Cloud file storage and syncing service Dropbox is arguably one of the hottest startups in Silicon Valley. It recently hit two big milestones: 25m users, and 200m files saved each day, and appears to have a very bright future.
But it also has a bit of explaining to do following a change to its Terms of Service.
The change: a clause indicating that Dropbox will “[cooperate] with United States law enforcement when it receives valid legal process, which may require Dropbox to provide the contents of your private Dropbox“.
As part of this, the company “will remove Dropbox’s encryption from the files before providing them to law enforcement.” Standard fare legal terms typical for such a service, right?
Yes, but there’s just one problem: Dropbox isn’t supposed to be able to do this. As noted by software developer Miguel de Icaza, who started the GNOME project, Dropbox has previously created the impression that it can’t access user files even if it wants to.
In addition to promoting the fact that “All files stored on Dropbox are encrypted“, it tells prospective users that “Dropbox employees are unable to view user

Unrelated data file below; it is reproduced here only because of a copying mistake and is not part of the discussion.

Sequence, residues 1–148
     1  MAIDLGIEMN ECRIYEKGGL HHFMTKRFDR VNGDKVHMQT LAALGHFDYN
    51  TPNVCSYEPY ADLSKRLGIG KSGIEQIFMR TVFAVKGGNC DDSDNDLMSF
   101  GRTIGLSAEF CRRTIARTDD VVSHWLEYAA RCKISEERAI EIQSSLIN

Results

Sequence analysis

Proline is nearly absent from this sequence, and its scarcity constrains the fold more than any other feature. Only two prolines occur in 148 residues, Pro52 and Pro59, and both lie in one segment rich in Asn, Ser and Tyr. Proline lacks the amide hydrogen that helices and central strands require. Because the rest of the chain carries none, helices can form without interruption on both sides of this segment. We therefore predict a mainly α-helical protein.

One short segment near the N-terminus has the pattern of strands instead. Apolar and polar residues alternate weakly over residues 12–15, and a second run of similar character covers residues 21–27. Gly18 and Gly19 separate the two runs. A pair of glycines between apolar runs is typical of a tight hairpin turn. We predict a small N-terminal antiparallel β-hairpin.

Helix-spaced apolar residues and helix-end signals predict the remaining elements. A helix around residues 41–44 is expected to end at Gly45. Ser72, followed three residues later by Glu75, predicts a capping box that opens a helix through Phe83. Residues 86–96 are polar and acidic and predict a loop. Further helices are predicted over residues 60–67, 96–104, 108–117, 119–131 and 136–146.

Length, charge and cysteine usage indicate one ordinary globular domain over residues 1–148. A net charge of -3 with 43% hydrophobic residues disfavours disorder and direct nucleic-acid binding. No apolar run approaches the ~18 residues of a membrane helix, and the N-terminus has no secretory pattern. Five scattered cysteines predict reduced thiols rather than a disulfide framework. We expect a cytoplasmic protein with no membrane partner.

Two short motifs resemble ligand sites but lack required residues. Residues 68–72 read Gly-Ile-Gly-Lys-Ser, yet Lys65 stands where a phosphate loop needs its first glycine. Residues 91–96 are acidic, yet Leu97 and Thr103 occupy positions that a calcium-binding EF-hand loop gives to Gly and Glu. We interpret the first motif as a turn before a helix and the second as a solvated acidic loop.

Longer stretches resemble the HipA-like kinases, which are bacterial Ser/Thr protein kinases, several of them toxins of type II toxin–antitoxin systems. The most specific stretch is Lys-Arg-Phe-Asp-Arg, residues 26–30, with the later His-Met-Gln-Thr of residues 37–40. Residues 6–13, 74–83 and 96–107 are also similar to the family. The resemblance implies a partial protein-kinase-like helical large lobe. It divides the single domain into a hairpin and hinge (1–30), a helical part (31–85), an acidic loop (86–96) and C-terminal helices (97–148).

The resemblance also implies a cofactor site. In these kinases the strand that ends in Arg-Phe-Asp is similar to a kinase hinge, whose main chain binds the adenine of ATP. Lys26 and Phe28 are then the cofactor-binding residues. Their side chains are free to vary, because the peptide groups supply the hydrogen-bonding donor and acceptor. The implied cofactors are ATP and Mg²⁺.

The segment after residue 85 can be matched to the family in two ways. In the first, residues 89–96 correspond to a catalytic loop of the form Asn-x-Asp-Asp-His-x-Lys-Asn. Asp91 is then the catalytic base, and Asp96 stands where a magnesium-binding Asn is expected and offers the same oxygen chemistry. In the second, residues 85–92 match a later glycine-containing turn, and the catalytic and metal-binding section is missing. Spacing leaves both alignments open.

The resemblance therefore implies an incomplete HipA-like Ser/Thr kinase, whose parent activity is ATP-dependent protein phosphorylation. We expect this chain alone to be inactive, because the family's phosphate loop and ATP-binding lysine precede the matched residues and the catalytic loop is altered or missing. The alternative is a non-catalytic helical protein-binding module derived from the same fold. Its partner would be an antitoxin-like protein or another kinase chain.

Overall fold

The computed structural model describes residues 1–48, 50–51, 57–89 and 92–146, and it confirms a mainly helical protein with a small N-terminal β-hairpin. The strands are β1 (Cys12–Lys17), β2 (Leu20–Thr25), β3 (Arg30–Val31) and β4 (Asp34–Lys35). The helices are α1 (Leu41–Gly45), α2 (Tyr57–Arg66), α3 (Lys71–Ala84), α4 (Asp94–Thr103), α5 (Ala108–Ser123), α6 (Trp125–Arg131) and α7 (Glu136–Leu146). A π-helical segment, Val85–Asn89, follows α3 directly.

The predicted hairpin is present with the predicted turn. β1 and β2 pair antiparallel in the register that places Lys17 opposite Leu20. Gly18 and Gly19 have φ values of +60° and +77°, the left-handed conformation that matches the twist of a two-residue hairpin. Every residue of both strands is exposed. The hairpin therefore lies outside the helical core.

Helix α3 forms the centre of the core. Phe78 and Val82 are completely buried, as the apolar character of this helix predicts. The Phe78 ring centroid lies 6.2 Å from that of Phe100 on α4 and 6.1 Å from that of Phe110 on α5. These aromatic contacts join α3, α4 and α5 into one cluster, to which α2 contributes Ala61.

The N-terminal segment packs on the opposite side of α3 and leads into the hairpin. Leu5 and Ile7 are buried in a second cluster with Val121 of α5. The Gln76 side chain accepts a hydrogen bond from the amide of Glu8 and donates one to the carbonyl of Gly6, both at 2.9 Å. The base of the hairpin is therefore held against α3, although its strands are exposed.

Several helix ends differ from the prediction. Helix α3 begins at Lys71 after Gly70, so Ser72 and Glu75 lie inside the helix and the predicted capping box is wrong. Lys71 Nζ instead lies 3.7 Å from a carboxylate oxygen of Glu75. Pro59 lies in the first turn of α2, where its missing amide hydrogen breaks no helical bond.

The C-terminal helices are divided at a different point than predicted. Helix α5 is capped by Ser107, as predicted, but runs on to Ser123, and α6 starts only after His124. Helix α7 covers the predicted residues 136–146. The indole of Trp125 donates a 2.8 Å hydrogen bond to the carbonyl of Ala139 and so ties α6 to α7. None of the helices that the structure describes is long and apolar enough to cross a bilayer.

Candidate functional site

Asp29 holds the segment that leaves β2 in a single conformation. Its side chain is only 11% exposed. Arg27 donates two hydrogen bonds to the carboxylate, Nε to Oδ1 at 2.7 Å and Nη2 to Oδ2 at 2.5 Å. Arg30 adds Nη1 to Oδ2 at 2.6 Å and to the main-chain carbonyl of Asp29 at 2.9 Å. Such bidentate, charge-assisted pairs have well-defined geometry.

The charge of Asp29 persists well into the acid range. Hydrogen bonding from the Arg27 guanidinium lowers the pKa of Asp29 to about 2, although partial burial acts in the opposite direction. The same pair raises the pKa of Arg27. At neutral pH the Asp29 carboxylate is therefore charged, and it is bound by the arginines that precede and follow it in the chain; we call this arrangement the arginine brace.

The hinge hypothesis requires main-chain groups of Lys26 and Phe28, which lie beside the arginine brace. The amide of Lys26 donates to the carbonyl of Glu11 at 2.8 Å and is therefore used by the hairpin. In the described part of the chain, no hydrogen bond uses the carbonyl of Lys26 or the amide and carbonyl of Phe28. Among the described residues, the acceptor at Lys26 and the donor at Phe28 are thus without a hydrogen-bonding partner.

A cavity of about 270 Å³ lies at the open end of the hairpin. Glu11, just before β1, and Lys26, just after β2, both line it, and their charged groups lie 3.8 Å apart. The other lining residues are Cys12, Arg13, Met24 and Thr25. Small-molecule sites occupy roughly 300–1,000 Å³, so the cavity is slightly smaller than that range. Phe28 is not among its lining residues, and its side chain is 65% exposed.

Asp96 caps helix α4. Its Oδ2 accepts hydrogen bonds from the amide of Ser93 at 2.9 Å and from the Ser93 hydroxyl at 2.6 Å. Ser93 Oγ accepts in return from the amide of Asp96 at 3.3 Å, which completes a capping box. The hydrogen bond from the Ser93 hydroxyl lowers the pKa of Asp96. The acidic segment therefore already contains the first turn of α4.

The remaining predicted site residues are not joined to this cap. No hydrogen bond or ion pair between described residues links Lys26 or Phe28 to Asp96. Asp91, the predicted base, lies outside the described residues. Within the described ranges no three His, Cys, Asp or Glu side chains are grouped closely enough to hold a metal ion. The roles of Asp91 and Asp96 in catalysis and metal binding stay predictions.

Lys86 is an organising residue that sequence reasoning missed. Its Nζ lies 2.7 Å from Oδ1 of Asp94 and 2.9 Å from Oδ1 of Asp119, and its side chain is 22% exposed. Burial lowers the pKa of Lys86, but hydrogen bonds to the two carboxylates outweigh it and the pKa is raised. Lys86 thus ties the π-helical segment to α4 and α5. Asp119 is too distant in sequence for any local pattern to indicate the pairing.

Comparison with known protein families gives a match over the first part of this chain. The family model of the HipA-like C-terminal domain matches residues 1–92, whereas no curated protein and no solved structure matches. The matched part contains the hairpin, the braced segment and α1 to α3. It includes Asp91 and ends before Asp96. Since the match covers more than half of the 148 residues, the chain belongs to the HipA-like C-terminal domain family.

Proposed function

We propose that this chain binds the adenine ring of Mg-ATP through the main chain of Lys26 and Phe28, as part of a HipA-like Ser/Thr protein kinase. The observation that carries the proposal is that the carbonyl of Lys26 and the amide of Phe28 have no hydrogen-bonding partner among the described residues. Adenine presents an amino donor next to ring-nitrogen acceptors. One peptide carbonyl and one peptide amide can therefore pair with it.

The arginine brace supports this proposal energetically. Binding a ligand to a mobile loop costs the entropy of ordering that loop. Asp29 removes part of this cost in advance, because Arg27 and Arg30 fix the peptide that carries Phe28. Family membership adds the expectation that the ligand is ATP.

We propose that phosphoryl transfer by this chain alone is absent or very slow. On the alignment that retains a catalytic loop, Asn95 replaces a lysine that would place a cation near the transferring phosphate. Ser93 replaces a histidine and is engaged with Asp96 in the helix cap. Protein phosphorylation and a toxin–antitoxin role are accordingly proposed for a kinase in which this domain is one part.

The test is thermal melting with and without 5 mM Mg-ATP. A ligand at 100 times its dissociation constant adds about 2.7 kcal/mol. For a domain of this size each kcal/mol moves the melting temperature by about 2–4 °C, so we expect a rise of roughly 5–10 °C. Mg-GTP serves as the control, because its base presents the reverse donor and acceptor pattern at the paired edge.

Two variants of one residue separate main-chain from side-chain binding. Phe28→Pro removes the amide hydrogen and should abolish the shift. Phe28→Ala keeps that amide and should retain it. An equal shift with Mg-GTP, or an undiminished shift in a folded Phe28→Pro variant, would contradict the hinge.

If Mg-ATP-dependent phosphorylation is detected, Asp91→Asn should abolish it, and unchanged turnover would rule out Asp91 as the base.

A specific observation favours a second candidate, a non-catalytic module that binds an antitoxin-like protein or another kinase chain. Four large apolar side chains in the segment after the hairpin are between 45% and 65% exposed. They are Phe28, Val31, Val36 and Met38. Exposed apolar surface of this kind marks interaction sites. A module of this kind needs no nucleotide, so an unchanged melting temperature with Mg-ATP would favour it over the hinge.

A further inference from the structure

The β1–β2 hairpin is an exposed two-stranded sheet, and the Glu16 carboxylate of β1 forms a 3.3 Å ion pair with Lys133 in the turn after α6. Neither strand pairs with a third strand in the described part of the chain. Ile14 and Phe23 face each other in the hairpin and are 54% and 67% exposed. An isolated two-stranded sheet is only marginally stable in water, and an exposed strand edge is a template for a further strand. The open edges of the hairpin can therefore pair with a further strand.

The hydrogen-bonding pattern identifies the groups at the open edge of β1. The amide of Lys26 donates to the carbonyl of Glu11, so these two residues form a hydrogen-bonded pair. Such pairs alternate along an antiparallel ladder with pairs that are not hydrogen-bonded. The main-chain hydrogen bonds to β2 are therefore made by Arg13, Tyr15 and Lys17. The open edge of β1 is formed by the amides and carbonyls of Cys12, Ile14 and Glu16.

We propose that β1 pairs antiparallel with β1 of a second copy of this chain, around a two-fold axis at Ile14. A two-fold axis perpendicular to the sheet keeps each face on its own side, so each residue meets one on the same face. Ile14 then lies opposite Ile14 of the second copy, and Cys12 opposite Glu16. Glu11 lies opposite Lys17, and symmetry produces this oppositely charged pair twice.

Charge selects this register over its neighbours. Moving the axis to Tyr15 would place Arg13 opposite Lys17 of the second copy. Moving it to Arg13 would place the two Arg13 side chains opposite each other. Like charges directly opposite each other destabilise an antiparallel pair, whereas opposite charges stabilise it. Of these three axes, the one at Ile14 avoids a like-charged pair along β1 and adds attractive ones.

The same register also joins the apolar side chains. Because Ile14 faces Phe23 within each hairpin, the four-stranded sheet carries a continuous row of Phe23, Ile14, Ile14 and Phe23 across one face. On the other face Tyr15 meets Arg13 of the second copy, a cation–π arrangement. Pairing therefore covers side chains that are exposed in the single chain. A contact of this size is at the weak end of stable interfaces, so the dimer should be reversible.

files.” This is reiterated over and over again: “Dropbox employees aren’t able to access user files, and when troubleshooting
an account they only have access to file metadata (filenames, file sizes, etc.,
not the file contents)“.
To lay users in particular, the message seems clear: “your files are safe with us, and even we can’t access them“.
Obviously, this issue is somewhat academic, as most users aren’t going to find themselves the subject of a legal process. But it does call into question how Dropbox promotes itself. At a minimum, it seems fair to say that it is being misleading in how it presents its security features.
That’s a bad strategy for a company with a lot of potential. Already, Dropbox’s Terms of Service change is only serving to highlight serious questions about the company’s entire security architecture, and it provides an opening for companies that are more transparent about theirs. Will this put a dent in its growth? Probably not, at least in the immediate term.
But as we’ve seen, where there’s a vulnerability, there’s a way, and if and when a Dropbox security issue emerges in the real world, Dropbox may learn the hard way that users are a lot less forgiving when they feel like they’ve been misled.